I think that life has a funny way of setting forks in the road.
You have to have an education to be competitive, to be legitimate.
It's important to have an appreciation of history and literature and art and culture. It says something about who you are.
I did want to go to college. But I didn't connect the dots very well.
The story of Achilles always struck me—whether you want to live a short, glorious life or a long, ordinary life. When I was young, I would have taken Achilles' position. Then, as I got older, I was worried about the saying that if you die young people say you missed your calling. I'm happy with my choice.
When I was 12, Denver was a small town, run by a very elite group. It was de-facto segregated, with exceptions. There was no bustling downtown. We were a town then. Now we're a big city, still with some positive small-town traits.
In Colorado—unlike the East Coast or the South—it's not about economic and social pedigree. It's what I like to refer to as a Western ethic. If you get hired to lead a wagon train, they're going to hire you because you can cut it. They don't care if you're black, white, they don't care if you're old, a man, or a woman. If you can cut it, you're hired. And if you can't, you're fired.
If they don't know you're running, they won't vote for you.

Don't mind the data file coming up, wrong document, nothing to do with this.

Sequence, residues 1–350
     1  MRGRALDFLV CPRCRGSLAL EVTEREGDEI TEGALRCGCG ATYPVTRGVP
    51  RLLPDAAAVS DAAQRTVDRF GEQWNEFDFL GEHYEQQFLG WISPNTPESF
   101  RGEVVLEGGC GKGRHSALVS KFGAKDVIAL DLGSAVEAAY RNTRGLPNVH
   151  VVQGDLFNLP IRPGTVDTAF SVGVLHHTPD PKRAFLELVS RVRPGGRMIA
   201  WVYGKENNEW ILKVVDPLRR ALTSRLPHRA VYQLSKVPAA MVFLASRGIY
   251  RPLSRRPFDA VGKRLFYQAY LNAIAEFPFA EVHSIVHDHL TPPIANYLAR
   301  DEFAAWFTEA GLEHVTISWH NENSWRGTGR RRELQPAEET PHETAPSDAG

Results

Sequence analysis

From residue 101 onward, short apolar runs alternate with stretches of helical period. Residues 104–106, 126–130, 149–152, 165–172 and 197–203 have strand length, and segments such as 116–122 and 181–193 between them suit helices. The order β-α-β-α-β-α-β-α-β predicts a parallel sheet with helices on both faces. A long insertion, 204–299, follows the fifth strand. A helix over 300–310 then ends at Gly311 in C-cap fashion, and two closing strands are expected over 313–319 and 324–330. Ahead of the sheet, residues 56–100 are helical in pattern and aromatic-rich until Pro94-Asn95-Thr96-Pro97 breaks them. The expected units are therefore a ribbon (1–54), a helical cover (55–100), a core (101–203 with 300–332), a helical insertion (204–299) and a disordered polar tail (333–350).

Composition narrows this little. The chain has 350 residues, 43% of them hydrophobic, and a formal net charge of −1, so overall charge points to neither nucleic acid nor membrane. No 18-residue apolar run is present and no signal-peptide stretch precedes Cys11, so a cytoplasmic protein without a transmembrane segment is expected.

I'd go into places where campaigning was prohibited. I'd go into a VFW and they'd say, "Well, you can't come in here campaigning." And I'd say, "That's fine; I came in to get a beer." And I'd sit down and have a beer, and 10 minutes later we'd be talking about the campaign.
I'm glad I did the Walk. If we had had money, we would have run a traditional campaign and lost. By virtue of not having money, we got creative and we won.
In the West, if you give your word, you keep it.
My first visit to the White House was special. My father had not graduated from high school and here's his son in the Lincoln bedroom.
The wealthiest 1 percent doesn't need our help. The middle-class working people need our help.
I get impatient with opportunities lost.
My mustache has only been cut off once, when I was in junior college. The razor slipped, and I had to cut the other half off.
We have to be sure that government operates for everybody, not just for a few.
Elected officials always try to downplay what they're really like, but they're like prize-fighters. You have to have a certain innate confidence level in yourself to get out there and be on display.
I thought George Bush had swagger the first time I met him. But so did George Custer, and I don't want to follow him either.
Until you're put in the position where you have to defend your values and issues, you're really not sure who you are.